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A multilevel analysis of lifestyle variations in symptoms of acute respiratory infection among young children under five in Nigeria
Authors: Adesanya OA, and Chiao C.
Source: BMC Public Health, 16:880; doi: 10.1186/s12889-016-3565-0.
Topic(s): Child health
Children under five
Country: Africa
Published: AUG 2016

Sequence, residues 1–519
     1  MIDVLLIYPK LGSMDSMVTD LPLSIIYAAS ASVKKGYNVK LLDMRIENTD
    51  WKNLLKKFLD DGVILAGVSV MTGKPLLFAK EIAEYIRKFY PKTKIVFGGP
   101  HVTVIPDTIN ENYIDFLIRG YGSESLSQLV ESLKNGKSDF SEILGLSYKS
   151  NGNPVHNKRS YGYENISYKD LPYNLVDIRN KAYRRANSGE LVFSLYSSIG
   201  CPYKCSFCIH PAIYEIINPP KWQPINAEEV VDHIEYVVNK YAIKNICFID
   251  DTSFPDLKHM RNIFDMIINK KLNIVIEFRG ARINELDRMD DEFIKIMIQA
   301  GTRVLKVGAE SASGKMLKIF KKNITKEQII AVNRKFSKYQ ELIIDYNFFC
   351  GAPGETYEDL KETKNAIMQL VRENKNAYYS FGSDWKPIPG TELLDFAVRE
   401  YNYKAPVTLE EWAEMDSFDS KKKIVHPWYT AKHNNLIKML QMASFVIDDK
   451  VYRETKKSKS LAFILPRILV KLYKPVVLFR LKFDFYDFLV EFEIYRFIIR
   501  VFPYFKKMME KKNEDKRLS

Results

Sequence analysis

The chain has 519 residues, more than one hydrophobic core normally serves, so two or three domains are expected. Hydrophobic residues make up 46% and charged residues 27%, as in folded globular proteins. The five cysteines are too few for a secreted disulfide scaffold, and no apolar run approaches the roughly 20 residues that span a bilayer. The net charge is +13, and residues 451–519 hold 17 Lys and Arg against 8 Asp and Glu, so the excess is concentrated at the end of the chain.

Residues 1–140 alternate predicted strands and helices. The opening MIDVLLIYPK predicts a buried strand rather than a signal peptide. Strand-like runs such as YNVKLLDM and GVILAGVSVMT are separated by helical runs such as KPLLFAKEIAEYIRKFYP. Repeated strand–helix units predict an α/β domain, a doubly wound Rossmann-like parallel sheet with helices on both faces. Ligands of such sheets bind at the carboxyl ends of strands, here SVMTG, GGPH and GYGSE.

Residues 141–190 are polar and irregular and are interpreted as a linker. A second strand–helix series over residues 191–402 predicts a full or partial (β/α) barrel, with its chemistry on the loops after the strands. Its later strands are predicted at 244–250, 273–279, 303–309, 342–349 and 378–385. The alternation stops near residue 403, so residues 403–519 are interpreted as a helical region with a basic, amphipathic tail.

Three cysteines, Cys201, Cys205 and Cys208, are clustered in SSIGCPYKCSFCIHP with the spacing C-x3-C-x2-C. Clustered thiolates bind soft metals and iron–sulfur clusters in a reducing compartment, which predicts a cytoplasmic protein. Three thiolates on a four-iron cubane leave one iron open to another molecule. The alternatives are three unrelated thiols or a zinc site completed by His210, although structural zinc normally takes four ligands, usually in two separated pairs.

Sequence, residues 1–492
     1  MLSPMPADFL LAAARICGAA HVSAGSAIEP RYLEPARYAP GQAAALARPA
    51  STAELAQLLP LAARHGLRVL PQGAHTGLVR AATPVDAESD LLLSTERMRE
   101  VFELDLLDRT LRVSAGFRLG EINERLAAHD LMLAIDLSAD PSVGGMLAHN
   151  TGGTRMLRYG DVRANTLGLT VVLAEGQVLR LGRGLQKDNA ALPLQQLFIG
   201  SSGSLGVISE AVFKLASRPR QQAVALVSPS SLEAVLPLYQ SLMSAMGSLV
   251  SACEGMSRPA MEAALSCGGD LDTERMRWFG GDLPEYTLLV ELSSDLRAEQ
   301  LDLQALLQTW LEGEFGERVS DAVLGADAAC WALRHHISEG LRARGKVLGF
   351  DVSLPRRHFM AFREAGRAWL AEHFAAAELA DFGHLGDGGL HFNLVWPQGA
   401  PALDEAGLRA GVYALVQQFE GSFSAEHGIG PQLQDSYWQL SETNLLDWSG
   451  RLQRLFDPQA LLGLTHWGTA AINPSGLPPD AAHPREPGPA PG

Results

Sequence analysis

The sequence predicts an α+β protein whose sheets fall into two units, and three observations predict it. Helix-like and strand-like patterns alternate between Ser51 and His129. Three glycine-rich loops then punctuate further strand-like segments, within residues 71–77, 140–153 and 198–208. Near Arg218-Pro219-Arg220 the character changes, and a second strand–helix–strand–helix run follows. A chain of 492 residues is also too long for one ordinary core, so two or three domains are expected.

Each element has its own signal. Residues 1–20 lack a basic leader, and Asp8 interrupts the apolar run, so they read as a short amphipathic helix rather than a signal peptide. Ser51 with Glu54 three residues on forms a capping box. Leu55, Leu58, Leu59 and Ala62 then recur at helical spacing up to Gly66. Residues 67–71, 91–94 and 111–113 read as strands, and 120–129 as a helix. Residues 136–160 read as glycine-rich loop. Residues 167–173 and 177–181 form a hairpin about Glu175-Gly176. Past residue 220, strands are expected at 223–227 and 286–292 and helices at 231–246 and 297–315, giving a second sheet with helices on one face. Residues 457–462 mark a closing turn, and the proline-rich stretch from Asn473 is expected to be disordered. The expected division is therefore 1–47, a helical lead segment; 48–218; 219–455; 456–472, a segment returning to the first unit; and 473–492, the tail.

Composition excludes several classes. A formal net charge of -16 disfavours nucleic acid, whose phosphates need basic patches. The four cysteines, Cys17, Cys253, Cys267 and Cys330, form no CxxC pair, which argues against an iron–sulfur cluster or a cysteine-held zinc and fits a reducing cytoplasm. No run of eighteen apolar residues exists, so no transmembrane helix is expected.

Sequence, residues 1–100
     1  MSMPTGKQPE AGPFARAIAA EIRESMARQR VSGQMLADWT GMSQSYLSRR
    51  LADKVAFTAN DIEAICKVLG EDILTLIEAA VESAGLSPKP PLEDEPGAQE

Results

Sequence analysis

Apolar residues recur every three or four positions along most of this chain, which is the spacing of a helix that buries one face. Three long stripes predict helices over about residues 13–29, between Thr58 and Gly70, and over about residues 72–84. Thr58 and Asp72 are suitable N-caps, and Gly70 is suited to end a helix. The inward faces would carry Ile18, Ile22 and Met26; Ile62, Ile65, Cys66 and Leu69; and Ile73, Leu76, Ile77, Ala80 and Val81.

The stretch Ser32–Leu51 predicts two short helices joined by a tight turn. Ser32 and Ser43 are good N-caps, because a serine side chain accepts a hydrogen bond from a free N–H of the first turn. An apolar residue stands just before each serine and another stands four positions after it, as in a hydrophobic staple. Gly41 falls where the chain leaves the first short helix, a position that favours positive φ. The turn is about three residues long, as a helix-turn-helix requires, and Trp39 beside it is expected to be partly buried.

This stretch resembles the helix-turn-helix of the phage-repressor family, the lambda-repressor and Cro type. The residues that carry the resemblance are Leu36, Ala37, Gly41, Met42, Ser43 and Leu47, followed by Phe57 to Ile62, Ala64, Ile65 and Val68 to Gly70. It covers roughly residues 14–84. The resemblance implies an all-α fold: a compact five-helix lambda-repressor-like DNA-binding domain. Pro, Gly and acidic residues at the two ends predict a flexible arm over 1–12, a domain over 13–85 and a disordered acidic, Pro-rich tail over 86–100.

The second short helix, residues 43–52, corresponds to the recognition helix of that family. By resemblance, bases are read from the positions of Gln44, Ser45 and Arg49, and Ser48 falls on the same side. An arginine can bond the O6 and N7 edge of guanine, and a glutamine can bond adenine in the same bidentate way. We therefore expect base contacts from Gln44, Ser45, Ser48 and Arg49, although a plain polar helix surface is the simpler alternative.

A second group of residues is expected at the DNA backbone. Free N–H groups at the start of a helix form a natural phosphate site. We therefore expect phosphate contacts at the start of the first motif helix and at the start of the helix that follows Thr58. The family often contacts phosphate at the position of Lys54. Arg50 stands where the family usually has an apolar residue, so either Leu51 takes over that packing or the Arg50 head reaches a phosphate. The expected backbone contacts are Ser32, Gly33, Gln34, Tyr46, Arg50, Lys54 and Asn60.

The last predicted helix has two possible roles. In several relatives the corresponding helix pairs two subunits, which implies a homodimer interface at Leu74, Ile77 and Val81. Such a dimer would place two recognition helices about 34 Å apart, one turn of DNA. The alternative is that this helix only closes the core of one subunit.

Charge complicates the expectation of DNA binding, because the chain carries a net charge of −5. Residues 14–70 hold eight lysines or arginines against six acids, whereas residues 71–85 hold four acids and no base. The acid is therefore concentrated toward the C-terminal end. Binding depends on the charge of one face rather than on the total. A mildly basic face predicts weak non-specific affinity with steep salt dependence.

Abstract: BACKGROUND: Nigeria has the second highest estimated number of deaths due to acute respiratory infection (ARI) among children under five in the world. A common hypothesis is that the inequitable distribution of socioeconomic resources shapes individual lifestyles and health behaviors, which leads to poorer health, including symptoms of ARI. This study examined whether lifestyle factors are associated with ARI risk among Nigerian children aged less than 5 years, taking individual-level and contextual-level risk factors into consideration. METHODS: Data were obtained from the nationally representative 2013 Nigeria Demographic and Health Survey. A total of 28,596 surviving children aged 5 years or younger living in 896 communities were analyzed. We employed two-level multilevel logistic regressions to model the relationship between lifestyle factors and ARI symptoms. RESULTS: The multivariate results from multilevel regressions indicated that the odds of having ARI symptoms were increased by a number of lifestyle factors such as in-house biomass cooking (OR?=?2.30; p?